I find that employers and employees alike are often very interested in knowing what meal and rest breaks are required under the law. Oregon is one of 19 states that has specific laws related to this area.
In the state of Oregon, all employees 18 and over must receive a meal break of 30 minutes if they have worked six hours or more. This must be an uninterrupted time period during which the worker is relieved of all of his or her duties, and it may be an unpaid break. The law also states that if the shift is between six and seven hours in length, the meal break must be between the second and fifth hour worked. If the shift is over seven hours long, the meal break should fall between the third and sixth hour worked.
The rule is somewhat different for workers under the age of 18. Minor employees must also be given a 30 minute break after working for at least six hours. However, no matter what the length of the shift, the minor’s break must begin no later than five hours and one minute after the start of his or her shift.
Not all employees are covered by the Oregon meal break law. White collar, salaried employees are typically not required to be given meal breaks. These are usually supervisors, administrative and professional employees. Nurses and others who are under a collective bargaining agreement are also specifically exempted from the rule, as long as their collective bargaining agreement gives specific conditions on meals and breaks.
Employers are also exempted from giving their employees this off-duty meal break if certain extenuating circumstances exist. For example, if the safety of employees, patients or clients is at risk, there is no one to relieve a worker from duty or it is uneconomical to shut down equipment a worker is using, the employee should be permitted to eat a meal while on-duty. In general, the law requires that employers structure the work situation to be able to give employees the mandated meal breaks as much as possible.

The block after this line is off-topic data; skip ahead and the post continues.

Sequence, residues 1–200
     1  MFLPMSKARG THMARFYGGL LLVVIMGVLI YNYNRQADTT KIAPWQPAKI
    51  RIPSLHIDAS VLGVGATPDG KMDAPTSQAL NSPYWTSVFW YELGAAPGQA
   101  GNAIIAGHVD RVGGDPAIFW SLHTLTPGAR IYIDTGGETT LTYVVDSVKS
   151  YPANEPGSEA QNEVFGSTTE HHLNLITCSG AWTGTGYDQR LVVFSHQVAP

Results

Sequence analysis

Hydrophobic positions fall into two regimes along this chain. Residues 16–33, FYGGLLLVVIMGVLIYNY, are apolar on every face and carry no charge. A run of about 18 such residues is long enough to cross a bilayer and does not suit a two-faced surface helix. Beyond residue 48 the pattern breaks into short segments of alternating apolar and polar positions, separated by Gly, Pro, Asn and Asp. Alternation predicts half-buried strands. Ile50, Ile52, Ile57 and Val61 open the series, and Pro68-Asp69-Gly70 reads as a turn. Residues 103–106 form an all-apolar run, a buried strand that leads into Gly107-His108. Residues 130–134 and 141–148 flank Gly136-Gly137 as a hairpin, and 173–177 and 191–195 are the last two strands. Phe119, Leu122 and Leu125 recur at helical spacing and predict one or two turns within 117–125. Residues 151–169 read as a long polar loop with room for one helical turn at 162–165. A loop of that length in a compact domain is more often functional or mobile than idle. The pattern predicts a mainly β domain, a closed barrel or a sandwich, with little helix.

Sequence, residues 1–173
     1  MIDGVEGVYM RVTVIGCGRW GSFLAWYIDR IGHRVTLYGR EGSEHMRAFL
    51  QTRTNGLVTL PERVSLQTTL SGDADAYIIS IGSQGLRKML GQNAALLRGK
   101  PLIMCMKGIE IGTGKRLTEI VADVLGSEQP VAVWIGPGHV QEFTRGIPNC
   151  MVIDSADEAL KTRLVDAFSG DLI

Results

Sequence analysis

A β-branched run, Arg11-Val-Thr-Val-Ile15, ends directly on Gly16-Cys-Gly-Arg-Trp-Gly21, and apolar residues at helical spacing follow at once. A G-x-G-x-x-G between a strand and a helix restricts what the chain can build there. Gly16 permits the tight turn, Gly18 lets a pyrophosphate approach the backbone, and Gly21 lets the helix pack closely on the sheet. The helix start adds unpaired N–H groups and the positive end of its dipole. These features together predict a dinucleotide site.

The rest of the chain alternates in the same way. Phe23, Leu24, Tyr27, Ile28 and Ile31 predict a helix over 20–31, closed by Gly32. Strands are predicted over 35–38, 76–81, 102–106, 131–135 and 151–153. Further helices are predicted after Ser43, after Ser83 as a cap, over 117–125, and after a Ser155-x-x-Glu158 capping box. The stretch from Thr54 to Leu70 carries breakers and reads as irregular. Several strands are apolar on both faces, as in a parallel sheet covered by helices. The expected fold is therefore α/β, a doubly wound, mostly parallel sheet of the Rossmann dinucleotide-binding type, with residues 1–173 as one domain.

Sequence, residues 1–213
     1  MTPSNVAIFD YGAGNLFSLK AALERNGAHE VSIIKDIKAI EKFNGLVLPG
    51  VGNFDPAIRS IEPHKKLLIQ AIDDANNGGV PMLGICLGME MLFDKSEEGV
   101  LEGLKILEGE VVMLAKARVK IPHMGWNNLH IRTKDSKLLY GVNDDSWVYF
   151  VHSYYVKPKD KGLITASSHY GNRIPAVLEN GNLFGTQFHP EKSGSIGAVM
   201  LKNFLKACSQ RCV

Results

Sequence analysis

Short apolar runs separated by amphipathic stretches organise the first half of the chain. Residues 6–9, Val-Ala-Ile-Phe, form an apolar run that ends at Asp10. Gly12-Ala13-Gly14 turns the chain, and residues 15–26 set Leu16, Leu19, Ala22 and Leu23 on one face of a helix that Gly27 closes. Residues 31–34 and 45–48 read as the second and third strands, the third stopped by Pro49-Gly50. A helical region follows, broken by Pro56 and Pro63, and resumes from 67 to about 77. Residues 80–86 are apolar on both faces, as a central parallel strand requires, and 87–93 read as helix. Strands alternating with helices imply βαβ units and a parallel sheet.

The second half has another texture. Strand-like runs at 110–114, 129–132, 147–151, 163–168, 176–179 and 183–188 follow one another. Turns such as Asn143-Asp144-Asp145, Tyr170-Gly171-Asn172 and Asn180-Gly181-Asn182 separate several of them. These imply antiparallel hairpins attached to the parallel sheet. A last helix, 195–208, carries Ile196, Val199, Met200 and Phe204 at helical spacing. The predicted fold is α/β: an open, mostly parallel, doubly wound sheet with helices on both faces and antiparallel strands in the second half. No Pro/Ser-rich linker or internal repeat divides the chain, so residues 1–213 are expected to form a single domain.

Finally, Oregon is also one of a handful of states that mandates paid rest breaks for many workers. Employers must provide employees over age 18 with a paid 10 minute rest break for each four hours (or “major portion thereof,” usually meaning two hours) they have worked. As much as practical, the rest break should be in the middle of each four hour work segment. Employees under 18 must be given a 15 minute rest break for each four hours or major portion thereof.
The same types of workers that are exempt from the meal break law are also exempt from the rest break law. There are also exceptions for extenuating circumstances, similar to those I described above. It is also interesting to note that under the law, workers in Oregon may not choose to waive their right to their rest break. Employers will still be in violation of the law even if an employee works through his or her break by choice.
A listing of all state and federal laws pertaining to lunches and breaks may be found on the Oregon Complete Labor Law Poster. This poster also includes helpful information on many other federal and state labor laws.